We also had a repeat (if it was a repeat – I never noticed it first time around!) of the recent Oasis concert ‘Standing On The Edge Of Noise’. Shorter and less interesting than the other recent ‘electric proms’ gig, this was basically the new Oasis album with a few old friends like ‘Songbird’, ‘Supersonic’ and ‘Slide Away’ thrown in. Set highlight: a surprisingly emotional acoustic arrangement of ‘Don’t Look Back In Anger’ played as a slow passion-burning ballad.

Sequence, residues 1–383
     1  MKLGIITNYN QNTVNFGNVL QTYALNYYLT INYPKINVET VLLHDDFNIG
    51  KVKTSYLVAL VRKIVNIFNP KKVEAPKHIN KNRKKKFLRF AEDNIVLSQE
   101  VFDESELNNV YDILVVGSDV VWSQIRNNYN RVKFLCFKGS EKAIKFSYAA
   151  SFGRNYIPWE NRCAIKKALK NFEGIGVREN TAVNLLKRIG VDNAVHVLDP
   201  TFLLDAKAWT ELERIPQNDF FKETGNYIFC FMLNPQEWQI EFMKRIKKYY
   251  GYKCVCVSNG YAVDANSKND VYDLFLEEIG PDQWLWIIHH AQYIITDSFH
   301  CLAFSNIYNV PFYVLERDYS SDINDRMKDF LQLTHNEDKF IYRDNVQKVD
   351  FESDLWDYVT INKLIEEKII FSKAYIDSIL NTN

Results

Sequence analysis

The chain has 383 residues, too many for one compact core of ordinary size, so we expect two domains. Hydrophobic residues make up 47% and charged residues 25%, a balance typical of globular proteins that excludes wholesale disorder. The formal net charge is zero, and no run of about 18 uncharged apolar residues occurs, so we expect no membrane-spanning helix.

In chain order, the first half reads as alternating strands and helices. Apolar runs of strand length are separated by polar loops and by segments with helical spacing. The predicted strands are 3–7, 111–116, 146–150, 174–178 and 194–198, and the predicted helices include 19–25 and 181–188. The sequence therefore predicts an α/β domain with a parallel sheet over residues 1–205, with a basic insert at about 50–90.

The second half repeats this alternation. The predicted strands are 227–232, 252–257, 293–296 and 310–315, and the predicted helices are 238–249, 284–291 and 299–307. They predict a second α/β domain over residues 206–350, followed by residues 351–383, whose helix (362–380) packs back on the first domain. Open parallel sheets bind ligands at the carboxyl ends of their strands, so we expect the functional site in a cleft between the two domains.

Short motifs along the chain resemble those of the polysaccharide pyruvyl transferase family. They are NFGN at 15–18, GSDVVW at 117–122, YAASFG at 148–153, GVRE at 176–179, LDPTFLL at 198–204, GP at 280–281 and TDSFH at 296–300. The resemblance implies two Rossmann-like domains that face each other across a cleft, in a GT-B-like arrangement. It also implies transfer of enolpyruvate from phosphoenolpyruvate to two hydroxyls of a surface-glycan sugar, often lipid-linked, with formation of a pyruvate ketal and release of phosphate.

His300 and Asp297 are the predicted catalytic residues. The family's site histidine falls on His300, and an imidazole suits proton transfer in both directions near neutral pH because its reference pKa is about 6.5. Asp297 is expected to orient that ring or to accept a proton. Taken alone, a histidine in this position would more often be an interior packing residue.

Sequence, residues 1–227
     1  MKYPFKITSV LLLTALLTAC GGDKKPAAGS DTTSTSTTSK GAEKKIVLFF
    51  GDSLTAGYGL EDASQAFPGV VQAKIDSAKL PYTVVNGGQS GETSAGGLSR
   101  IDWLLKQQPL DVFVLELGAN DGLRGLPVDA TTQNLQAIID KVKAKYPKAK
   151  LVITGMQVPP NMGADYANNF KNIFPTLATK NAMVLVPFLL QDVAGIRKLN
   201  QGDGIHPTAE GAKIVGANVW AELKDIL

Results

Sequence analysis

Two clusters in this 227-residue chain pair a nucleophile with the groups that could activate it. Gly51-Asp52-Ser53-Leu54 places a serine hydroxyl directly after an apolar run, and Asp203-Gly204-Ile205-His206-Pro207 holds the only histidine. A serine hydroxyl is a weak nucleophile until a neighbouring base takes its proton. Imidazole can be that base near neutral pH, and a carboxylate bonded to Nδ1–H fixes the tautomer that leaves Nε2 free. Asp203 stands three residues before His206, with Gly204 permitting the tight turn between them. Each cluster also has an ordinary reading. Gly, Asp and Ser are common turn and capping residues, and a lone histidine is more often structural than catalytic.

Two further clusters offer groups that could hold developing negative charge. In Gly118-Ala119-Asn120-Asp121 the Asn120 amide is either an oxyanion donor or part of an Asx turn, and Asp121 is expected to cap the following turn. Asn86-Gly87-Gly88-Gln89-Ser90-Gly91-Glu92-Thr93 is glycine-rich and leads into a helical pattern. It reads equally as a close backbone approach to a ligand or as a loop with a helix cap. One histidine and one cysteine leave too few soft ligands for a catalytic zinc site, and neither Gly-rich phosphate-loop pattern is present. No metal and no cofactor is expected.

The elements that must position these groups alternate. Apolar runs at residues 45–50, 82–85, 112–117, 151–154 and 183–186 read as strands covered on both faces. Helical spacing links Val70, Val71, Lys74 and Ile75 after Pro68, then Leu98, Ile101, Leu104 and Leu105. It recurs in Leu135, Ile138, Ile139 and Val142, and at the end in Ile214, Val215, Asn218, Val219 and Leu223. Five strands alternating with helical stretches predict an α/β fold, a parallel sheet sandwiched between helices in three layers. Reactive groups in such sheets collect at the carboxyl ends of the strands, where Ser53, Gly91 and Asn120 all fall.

Anniversaries: Chris Hillman (The Byrds 1964-68; Manassas 1972-73) turns 66 on December 4th and Jim Messina (Buffalo Springfield 1968) turns 61 on December 5th. Events this week: In 1967 The Monkees break the record for most American number one albums in a single year (four) with the release of ‘Pisces, Aquarius, Capricorn and Jones Ltd’. For some unknown reason the record is delayed till January 1968 in Britain (December 2); A typically extravagant Keith Moon party ends up causing $6000 of damage to a Montreal hotel, landing the band in prison overnight (December 2 1973); the Beatles release ‘Rubber Soul’, slightly later than their traditional Christmas market releases which usually came out mid-November (December 3 1965); the Rolling Stones hold a press party for the release of their album ‘Beggars Banquet, an event that infamously turns into a messy food fight between the band and leading rock journalists of the day (December 5 1968); four members of the audience die during the awful mess that was the Rolling Stones’ Altamont Festival, also attended by CSNY, the Grateful Dead and the Jefferson Airplane (December 6 1969) and finally Graham Nash officially announces in the NME that he is to leave the Hollies to work with David Crosby and Stephen Stills (December 7 1967).